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Esteban Delafuente Survives a Ruptured Brain Aneurysm


FOR WEEKS, 13-year-old Esteban Delafuente had been waking up in time for virtual school and then falling asleep during the day, his head on his laptop. Eventually, he moved to the couch and slept the remainder of the day.

“I didn’t know if he was staying up all night on his laptop, and began to think it was time for him to go back to in-person school because his grades were declining,” says his mother, Maribel Castillo.

Around 9:30 p.m. on April 13, 2021, she was talking with him about his grades, when he grabbed the back of his head in pain and the left side of his body collapsed. He sat down hard and told his mother he couldn’t move his legs. “He felt nauseous and threw up on his pants and shirt,” Castillo says. “After a short time he got up with the help of his older brother and cousin, walked a bit, and then had to sit down at the bottom of the stairs.”

Castillo drove Esteban to the emergency center near their home in Humble, Texas, where physicians made assessments and ordered a CT scan. During that time he was able to move unassisted at a slow pace. When the scan revealed a ruptured brain aneurysm, he was transferred to Memorial Hermann-Texas Medical Center, where his ability to move declined rapidly.

After reviewing the scans, neurosurgeon Spiros Blackburn, MD, talked with Castillo about a two-step procedure of surgical bypass combined with aneurysm coiling. “We don’t typically do bypasses for aneurysms, but it was an atypical cerebral aneurysm involving a long segment of the artery,” says Blackburn, associate professor in the Vivian L. Smith Department of Neurosurgery at McGovern Medical School at UTHealth Houston, who specializes in cerebrovascular and skull base surgery.

“These can’t be treated with the typical clip reconstruction or standard coil embolization.”

Patients with ruptured brain aneurysms need very close observation after surgery for early identification of vasospasm – the sudden contraction of the walls of an artery that reduces blood flow – or stroke. “When these conditions are picked up early, we can manage them well with fluids and blood pressure elevation,” Blackburn says. “It was safer for Esteban to be in the care of a highly skilled, experienced team.”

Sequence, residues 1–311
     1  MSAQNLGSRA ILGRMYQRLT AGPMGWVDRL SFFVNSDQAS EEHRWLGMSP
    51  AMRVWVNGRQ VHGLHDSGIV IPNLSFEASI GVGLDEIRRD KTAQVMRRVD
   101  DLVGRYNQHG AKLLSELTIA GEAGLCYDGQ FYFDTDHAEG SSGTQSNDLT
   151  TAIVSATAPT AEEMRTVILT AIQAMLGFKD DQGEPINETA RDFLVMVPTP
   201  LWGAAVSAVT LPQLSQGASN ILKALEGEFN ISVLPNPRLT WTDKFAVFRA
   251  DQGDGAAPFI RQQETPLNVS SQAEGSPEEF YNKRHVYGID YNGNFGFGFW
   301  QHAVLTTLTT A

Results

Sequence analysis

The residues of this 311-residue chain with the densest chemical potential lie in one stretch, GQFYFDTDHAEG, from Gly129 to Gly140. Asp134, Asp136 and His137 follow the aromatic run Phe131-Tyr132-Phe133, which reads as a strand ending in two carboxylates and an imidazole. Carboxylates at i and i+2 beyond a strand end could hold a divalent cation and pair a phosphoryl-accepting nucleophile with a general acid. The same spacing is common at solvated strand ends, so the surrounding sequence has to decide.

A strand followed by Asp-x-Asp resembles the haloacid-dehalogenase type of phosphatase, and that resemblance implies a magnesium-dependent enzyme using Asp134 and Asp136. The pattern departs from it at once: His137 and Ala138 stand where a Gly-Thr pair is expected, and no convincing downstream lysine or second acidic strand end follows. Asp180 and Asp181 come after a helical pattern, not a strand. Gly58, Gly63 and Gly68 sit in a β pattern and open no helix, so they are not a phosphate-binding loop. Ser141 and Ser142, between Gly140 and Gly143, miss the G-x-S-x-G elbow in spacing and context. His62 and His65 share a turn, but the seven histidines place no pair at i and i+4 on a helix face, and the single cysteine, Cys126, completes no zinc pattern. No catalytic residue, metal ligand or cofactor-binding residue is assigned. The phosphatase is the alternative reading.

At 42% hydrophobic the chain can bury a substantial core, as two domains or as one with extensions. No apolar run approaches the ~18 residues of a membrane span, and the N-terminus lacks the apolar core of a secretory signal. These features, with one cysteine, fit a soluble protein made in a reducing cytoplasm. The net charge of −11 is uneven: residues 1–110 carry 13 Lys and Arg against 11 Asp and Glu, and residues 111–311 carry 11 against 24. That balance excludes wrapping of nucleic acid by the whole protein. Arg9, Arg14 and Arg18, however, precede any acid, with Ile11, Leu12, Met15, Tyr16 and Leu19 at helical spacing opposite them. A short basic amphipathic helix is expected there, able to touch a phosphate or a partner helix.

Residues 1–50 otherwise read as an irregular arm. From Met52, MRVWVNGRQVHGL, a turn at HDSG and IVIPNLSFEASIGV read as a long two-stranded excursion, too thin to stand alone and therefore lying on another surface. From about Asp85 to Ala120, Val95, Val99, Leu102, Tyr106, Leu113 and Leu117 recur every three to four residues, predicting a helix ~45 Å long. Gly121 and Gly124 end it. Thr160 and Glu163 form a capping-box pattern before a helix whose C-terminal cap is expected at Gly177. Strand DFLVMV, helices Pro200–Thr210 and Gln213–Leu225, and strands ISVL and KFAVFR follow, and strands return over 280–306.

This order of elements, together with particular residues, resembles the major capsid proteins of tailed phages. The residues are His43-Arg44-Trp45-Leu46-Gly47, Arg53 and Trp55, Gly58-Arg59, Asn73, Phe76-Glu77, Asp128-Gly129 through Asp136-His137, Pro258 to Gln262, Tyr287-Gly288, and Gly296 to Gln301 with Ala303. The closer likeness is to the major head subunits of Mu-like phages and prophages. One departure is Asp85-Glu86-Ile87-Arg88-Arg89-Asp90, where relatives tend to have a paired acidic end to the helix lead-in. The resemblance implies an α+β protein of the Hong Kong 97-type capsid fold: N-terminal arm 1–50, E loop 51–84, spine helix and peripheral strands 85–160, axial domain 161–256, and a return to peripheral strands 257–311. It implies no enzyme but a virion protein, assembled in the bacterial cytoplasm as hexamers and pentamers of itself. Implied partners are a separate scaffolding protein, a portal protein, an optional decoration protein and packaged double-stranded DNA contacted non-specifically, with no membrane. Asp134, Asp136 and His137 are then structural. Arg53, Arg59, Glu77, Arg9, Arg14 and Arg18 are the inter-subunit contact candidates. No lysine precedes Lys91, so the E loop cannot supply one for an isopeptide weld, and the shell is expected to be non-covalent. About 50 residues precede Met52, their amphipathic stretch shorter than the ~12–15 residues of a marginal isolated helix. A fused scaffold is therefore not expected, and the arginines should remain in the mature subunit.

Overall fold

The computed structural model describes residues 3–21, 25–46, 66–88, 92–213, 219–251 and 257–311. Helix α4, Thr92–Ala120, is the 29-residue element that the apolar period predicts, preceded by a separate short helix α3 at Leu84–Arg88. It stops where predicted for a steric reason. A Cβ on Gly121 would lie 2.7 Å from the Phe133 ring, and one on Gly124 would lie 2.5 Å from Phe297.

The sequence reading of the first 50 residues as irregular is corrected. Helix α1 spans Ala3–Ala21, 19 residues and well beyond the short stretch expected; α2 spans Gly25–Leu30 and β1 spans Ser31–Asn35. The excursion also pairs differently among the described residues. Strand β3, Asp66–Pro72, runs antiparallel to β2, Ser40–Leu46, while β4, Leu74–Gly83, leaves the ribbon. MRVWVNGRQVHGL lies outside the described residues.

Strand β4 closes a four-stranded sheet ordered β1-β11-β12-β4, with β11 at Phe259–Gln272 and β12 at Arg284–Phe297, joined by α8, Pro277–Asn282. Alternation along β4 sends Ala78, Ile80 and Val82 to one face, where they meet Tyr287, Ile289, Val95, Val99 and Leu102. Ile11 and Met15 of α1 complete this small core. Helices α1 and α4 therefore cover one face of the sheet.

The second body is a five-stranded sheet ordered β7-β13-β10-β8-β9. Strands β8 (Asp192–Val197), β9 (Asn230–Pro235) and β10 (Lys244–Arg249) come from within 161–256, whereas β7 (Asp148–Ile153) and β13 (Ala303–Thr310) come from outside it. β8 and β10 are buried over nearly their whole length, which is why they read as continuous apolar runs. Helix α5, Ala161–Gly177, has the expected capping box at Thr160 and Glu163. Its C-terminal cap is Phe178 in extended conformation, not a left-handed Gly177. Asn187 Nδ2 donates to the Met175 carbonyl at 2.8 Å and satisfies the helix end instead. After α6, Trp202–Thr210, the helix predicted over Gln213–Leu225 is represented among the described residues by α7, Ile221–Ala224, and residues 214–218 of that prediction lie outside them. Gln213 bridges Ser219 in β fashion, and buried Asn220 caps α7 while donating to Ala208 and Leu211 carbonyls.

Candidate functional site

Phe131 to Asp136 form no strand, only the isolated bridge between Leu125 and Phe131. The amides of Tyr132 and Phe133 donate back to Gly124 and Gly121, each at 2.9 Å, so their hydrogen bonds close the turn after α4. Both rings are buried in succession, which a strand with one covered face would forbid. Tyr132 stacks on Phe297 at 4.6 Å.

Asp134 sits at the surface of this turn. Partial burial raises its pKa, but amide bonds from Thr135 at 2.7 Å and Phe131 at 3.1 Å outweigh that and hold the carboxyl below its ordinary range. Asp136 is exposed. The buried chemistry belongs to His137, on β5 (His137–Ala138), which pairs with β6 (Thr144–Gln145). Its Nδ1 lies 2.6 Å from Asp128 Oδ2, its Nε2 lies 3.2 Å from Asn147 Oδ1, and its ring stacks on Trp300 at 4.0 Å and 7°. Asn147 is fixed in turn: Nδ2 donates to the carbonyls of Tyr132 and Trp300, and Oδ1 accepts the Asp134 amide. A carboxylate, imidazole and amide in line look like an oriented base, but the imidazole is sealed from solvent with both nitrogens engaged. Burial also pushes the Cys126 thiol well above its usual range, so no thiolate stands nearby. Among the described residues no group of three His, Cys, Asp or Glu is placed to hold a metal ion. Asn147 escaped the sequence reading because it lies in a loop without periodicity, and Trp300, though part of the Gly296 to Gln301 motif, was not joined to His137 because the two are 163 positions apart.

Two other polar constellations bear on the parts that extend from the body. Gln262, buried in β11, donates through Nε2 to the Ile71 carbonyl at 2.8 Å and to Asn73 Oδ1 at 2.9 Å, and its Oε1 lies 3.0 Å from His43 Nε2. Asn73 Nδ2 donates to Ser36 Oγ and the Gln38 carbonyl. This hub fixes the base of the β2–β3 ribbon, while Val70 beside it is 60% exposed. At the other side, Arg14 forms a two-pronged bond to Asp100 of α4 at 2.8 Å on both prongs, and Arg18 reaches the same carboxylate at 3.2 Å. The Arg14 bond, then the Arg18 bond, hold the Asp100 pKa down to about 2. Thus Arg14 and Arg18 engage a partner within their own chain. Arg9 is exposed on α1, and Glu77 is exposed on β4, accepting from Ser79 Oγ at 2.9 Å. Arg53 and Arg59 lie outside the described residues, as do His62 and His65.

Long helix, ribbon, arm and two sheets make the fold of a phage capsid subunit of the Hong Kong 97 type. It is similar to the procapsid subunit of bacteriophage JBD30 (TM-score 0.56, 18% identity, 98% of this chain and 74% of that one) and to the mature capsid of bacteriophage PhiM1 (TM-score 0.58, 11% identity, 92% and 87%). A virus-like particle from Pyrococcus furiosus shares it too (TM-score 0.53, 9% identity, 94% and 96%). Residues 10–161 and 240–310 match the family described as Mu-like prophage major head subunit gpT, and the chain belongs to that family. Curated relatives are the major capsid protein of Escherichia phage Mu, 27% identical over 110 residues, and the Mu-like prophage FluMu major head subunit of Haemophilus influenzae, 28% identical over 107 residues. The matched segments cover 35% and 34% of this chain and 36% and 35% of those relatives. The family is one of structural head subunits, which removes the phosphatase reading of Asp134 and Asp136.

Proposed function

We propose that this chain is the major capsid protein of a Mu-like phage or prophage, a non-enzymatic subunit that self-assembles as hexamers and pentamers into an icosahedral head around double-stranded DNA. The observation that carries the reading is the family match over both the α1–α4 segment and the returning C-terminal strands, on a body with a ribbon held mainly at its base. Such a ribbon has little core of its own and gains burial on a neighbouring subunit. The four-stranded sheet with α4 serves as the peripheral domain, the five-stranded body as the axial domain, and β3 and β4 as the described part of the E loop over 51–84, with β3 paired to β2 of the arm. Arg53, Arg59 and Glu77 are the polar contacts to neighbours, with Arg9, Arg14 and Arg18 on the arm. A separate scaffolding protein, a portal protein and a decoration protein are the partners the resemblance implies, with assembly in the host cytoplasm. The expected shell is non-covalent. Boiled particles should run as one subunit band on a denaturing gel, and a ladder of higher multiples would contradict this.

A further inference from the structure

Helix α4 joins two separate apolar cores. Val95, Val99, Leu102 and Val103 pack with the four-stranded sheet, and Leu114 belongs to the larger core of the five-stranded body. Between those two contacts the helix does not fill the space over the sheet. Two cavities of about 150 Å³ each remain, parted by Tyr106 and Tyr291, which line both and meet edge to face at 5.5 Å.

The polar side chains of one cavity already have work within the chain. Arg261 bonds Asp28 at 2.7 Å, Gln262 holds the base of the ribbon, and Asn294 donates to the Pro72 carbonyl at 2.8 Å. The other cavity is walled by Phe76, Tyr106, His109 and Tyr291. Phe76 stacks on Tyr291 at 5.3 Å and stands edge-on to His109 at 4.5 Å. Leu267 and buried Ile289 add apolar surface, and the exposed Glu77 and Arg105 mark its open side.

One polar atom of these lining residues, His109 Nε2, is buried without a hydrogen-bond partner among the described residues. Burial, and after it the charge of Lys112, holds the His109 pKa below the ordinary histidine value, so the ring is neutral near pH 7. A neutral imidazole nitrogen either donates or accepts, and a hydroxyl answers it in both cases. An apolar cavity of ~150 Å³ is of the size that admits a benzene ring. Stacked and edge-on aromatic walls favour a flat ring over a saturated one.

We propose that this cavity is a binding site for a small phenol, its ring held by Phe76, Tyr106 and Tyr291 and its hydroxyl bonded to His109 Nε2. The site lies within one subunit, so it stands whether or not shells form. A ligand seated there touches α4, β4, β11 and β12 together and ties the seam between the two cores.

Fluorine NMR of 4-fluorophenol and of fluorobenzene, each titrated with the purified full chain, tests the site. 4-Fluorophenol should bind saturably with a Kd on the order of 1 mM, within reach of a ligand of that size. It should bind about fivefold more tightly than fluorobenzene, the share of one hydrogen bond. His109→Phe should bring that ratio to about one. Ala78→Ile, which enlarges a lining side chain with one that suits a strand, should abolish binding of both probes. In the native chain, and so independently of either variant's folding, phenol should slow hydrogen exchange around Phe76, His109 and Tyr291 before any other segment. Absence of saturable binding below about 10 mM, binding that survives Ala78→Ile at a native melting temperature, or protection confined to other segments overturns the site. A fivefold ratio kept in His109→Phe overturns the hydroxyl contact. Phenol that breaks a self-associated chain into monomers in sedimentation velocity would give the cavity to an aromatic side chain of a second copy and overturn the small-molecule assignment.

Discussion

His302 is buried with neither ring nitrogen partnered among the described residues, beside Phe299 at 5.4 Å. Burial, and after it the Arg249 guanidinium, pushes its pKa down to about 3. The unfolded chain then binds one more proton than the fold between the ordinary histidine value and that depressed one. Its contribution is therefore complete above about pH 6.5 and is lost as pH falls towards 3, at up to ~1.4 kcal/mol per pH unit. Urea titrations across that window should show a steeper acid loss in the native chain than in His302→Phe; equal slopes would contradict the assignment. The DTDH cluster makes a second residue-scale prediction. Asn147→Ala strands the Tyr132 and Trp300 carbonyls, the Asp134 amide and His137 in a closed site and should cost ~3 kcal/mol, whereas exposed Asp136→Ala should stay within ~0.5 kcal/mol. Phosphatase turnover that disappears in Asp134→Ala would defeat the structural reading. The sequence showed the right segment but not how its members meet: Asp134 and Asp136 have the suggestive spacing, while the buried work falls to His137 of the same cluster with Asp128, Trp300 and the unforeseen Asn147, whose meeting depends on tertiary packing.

Esteban was in the OR by noon. “Dissecting aneurysms occur in arteries that are inherently diseased. We can’t repair the artery, so we have to eliminate it using a procedure that is rare in adults and even rarer in pediatric patients,” Blackburn says. “We took an artery from the scalp and attached it to the injured brain artery beyond the aneurysm, rerouting blood flow from the scalp to the brain at exactly the spot where we were planning to remove the artery.

First, we did the bypass as an open surgery. Once we confirmed that blood was flowing well through the bypass into the brain artery, we had the green light to occlude the vessel with the aneurysm.

Then we went through the groin to the brain artery and filled it with coils.”

“We were in the hospital just under three weeks,” Castillo says. “Today Esteban is perfect. You could not tell that he had brain surgery. They all did so much for us, and he came out like brand new. We appreciate everything.”